Global variables are sometimes masked in fancy-sounding constructs like singletons. The same flaws exist, however, and the same rules apply. (Monostates are a bit of an exception because they are immutable, but they often might as well be magic values.)

Summary: avoid using them.

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 3) Inheritance.

Prefer composition to inheritance. Inheritance gets overused in C++ because it is the primary means of effecting polymorphic dispatch (templating is the other). Don't avoid inheritance when it logically expresses intention, but whenever you find yourself create an Object class so that all functions can generically access more concrete types, it may be time to look at everything from generic programming to runtime typing, to broader but shallower inheritance of parameter types, to predicate-based algorithms.

Summary: use in moderation.

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 4) Optimization.

Write your code. Make sure it is correct. Then profile, and optimize areas the profiler indicates are bottlenecks. Do not prematurely optimize, and adequately inform yourself so you're not writing a bunch of code to no avail. Modern compilers are pretty smart, too, so make sure you know for a fact that the generated code is slow, and that you can do better. (Your example "optimization" is pretty useless, for instance.)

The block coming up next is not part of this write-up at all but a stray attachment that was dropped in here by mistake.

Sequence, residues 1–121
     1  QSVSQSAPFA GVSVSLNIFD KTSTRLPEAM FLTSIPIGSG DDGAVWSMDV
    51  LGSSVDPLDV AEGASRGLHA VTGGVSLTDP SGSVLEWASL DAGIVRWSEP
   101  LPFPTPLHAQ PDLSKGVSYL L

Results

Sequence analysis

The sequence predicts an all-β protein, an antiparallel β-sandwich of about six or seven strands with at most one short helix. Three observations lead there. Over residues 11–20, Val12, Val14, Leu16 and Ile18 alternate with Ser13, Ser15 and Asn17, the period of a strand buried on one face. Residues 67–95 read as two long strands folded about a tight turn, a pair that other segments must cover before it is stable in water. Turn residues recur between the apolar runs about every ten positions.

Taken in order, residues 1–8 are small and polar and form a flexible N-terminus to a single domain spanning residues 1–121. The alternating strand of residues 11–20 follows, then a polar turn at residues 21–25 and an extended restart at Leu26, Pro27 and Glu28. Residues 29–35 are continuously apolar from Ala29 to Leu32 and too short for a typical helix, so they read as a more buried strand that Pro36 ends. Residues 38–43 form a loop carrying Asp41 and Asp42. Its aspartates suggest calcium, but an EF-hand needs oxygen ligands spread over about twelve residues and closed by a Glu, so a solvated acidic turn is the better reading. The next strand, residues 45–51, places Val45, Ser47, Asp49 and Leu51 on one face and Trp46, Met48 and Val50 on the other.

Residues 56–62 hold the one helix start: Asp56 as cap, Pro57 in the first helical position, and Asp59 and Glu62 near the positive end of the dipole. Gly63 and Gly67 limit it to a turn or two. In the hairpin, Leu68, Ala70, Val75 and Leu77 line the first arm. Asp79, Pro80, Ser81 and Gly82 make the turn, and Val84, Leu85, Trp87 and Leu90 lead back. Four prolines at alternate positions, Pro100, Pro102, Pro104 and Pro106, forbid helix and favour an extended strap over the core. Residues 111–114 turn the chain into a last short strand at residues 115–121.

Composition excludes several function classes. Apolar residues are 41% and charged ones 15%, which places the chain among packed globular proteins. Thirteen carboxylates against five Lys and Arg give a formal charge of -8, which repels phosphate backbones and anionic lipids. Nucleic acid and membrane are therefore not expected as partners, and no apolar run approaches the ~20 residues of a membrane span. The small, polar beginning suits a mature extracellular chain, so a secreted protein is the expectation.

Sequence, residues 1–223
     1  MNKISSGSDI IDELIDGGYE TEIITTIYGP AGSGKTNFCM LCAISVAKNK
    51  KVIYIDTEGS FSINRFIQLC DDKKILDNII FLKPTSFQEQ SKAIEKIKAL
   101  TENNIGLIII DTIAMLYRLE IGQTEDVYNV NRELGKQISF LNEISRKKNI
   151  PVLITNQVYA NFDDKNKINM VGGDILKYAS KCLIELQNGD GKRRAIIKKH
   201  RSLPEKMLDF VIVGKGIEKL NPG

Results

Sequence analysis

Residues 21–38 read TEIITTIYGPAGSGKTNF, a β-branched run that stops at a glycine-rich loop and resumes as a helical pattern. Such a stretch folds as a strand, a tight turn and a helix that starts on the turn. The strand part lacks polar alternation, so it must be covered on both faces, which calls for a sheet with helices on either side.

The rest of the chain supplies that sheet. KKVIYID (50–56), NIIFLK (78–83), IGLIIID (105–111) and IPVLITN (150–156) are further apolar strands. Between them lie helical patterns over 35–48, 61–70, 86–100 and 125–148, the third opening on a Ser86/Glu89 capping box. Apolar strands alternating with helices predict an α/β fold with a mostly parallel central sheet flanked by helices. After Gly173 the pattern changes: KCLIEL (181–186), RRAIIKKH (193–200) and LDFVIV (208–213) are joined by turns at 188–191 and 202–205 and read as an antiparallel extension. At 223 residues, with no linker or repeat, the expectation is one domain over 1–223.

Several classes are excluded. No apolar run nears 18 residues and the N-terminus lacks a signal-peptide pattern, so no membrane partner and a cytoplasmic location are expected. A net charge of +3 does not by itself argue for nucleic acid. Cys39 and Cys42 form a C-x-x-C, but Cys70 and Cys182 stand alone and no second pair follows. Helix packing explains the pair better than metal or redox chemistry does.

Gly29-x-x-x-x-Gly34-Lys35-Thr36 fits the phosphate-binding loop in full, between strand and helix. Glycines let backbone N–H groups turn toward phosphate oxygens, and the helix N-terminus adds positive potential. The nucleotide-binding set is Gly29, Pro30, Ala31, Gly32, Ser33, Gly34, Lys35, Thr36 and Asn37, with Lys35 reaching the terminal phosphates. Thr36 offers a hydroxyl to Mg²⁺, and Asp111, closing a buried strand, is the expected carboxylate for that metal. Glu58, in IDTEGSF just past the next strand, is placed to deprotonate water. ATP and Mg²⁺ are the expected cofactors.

Do not lightly sacrifice readability and maintainability in the name of performance.

Summary: carefully.

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 5) Dynamic lists.

They're faster than you think. Invariably. And in some cases, using them can save you memory and improve performance. Before you ever say "X is slow," profile.

Summary: yes.

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Ok cool learned a few things.

In which way got your incompetent class-coding ugly?